In 2011, I found myself having to defend the argument that race still matters while attending one of the most ethnically diverse evangelical seminaries in the nation. Don’t get me wrong: Students and faculty alike openly discussed ethnic and cultural differences. And although all were unanimous that racism was bad and diversity was good, when it came to more explicit discussions of institutionalized racism or white supremacy, there tended to be choirs of crickets.
I must admit that at the time, my understanding of race was perhaps more militant than that of my seminary colleagues. Trained at San Francisco State University, the birthplace of Ethnic Studies, I understood race as playing a fundamental role in the structure and representation of all people in our country. Race, in my view, was embedded in nearly every aspect of inequity in American life, and had to be considered in any pursuit of social justice or Christian mission.
I was constantly exploring how my school engaged Christianity with progressive identity politics (e.g. race, class, gender, sexuality). While some faculty engaged in these discussions, I often felt disconnected with my Asian American classmates. I felt as if they didn’t agree or understand, or had other missional priorities. These are all understandable responses, yet the cumulative effect told me that my classmates thought that race, while still a problem, was not significant enough to dedicate as much attention to as other evangelical priorities like discipleship, evangelism, or theology.
In partial reaction, I left. After stepping back from the evangelical world, I gained some clarity for why I felt so isolated. Personal reasons aside, my qualm with (white) evangelicalism was its hesitancy to address — much less struggle against — the historical and continuing racial bias in America. This “don’t go there” mentality is further compounded within evangelical churches that are predominantly Asian American. Here are my speculations why.
A Quick Caveat
I must first acknowledge that the following reflection was written in 2012, about a year after I left seminary. I, as well as the times, are much different from when I first wrote these reflections. Also, I write from a Japanese (East) Asian American perspective, and thus my use of “Asian American” is not meant to encompass all of the multiple and diverse Asian communities under the umbrella term.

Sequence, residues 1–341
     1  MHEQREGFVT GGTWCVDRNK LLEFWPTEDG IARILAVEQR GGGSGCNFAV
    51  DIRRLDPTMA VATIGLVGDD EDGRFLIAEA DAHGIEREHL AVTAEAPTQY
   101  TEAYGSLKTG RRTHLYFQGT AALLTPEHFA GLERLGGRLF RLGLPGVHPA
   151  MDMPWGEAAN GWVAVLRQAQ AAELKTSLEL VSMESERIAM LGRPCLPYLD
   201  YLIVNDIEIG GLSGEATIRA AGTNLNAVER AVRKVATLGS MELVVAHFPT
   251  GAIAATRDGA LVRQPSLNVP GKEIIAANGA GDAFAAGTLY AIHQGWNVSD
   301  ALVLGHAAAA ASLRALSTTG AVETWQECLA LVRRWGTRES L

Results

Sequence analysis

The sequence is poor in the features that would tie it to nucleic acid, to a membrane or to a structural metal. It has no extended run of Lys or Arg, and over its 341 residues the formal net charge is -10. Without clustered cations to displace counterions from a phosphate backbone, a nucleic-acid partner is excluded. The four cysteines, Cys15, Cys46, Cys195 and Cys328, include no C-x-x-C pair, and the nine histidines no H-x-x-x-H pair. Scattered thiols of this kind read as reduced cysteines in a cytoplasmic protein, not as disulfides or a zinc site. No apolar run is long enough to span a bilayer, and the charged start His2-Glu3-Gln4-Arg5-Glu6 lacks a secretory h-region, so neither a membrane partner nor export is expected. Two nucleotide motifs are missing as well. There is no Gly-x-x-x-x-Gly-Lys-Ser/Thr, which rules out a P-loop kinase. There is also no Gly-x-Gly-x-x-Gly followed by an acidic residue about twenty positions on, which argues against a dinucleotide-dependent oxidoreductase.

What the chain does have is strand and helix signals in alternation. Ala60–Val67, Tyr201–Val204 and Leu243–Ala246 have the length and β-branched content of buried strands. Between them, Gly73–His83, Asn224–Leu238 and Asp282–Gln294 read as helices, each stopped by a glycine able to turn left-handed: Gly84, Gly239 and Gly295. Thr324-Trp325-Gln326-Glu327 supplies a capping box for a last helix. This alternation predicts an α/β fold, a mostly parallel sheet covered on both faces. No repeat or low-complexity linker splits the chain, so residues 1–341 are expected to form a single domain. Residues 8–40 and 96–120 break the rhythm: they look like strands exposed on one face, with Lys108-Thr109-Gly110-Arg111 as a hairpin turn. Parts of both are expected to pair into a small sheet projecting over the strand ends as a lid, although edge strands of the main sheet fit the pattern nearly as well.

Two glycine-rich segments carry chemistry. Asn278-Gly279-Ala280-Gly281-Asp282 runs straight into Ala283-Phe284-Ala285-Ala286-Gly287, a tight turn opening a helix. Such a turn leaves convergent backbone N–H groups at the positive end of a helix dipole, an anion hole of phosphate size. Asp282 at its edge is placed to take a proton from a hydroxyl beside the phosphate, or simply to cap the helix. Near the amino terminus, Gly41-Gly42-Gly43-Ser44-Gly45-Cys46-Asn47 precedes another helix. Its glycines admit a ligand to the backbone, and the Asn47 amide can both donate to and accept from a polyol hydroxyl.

My journey since leaving seminary has taught me that my previous views about social justice were woefully idealistic and devoid of life experience. I’ve discovered through the last half-decade working in the Asian American nonprofit realm that social change and progressivism won’t solve everything. Self-healing work revealed that my activism was largely fueled by an unhealthy need for validation and self-worth. Relationships with family and friends have reminded me that faith is about love for God and others, and that God can work through anyone, despite their beliefs. And after recently finishing my seminary degree, I have grown to appreciate this seminary’s racial justice efforts.
On the societal side, today’s racial context is much different than 2012’s. Today is a time of Trump and the Alt Right, of the Black Lives Matter and #MeToo movements, and of progressive Asian American Christianity. Anti-racism concepts like “white privilege” and “white supremacy”, while still highly contentious, are gaining increased acceptance with the millennial generation. And in the mainstream media, Asian Americans are becoming more a part of the American fabric beyond their stereotypical labels.
With all of that said, let’s explore my speculations on why it’s difficult to discuss race in the Asian American evangelical church.
1. Identity in Christ, aka the Deprioritizing of “Earthly” Identities
Discussing race in the Asian American church is difficult because of the evangelical belief that one’s Christian identity is of utmost importance. Evangelicals believe that while humans possess earthly identities like gender or ethnicity, authentic identity is found in Christ. While this is an important belief, the surreptitious side effect is the deprioritizing or delegitimizing of other forms of identity.
Asian American evangelicals are particularly susceptible to this danger. Their racial identities are suppressed by both the prioritization of Christian identity and the pressure to assimilate into American society. In his article “The Young Adult Black Hole”, Tim Tseng argues that young Asian American evangelicals get inundated with the message that one’s Christian identity is most important, plus assimilation into American culture is good, and being too ethnic (i.e. too Asian) is bad. This results in many believing “the goal [of Christian identity formation] is to shed, not affirm, their earthly identities.”
This racial identity suppression is not necessarily a wholesale white washing, as if Asian Americans were to pretend they’re not Asian. Rather, Russell Jeung discovered in his book “Faithful Generations: Race and New Asian American Churches” that evangelicals only addressed racial identity (e.g. they’ll discuss the “Asian” emphases of hard work or overcoming shame) if it served as a means for some spiritual function. If devoid of these practical applications, those in Jeung’s study did not think racial identity was significant enough to warrant explicit addressals in public forums. In other words, racial identity was addressed only if it had a utilitarian purpose, rather than as a positive attribute to